The .lnk file points to a command line containing the PowerShell script. Opening the shortcut file executes the PowerShell command.
Figure 4. Command line with the PowerShell script.
The script contains the hardcoded domains and the parameters it uses for the download routine. For each attempt to download, it checks if download is successful and if the downloaded file is at least 10KB. It stops trying to download when these conditions are met, or when it has gone through the five domains twice with no successful download.
Figure 5. The malicious PowerShell code in readable format
Locky and Kovter as payload
During our testing, the URLs that result from adding the first parameter to the five domains point to a copy of Locky ransomware, similar to the previous campaign. Locky is one of the most prominent ransomware families, with almost 500,000 encounters in 2016 alone. It’s known to use the email vector, so this campaign is consistent with previous campaigns. When executed, it encrypts files and renames them using the following filename extensions: .locky (where it got its name), .zepto, .odin, .thor, .aeris, and .osiris (used by the Locky version in this attack).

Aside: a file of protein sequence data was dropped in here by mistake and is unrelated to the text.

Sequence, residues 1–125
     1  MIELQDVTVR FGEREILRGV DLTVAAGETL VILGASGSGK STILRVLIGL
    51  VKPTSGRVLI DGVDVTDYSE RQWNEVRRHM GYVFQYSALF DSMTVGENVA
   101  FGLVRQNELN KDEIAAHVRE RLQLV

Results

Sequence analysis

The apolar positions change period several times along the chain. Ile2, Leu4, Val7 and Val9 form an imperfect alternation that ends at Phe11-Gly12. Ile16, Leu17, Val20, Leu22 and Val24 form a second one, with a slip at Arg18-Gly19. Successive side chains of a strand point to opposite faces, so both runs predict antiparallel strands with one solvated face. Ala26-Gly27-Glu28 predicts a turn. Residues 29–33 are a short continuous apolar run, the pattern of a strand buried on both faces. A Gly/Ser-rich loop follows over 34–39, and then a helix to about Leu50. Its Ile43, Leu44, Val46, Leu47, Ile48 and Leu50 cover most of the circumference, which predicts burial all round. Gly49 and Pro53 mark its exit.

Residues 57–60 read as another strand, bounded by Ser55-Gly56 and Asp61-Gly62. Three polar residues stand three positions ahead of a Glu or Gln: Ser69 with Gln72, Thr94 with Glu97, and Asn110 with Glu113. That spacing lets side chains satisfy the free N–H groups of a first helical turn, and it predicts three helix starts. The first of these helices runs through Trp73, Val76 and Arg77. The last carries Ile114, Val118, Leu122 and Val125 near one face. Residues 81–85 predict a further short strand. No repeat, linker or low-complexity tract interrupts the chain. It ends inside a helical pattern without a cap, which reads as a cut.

Figure 6. The part of the script that adds a parameter to the domain
The second parameter results in URLs that point to a copy of the click-fraud Trojan Kovter. Kovter is a complex malware whose file-less persistence makes it more difficult to detect than traditional malware.
As mentioned, the cybercriminals update the payload downloaded by the PowerShell script. We have seen this being done on a day-to-day basis. During our testing, the malware payload was updated with newer versions of either Locky and Kovter, but technically the attackers can change this to any malware they wish to use.
It is important to note that Locky and Kovter have not been observed to be related in the past. However, they can both be used by cybercriminals to earn money at the expense of victims. The use of these two distinct malware families demonstrates the flexibility that attackers have in a setup like this. This may also indicate that the attackers in control of the servers can sell or rent them out as pay-per-install service. This also proves that cybercriminals will use whatever is available to them to accomplish their goal of siphoning money off victims.